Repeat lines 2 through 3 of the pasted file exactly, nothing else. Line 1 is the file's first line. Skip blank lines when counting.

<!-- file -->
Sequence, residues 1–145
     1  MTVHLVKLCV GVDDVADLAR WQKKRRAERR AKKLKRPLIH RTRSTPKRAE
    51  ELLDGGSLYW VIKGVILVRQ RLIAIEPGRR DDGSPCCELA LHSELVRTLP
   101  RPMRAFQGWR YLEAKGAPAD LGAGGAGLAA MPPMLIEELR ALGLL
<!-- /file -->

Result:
     1  MTVHLVKLCV GVDDVADLAR WQKKRRAERR AKKLKRPLIH RTRSTPKRAE
    51  ELLDGGSLYW VIKGVILVRQ RLIAIEPGRR DDGSPCCELA LHSELVRTLP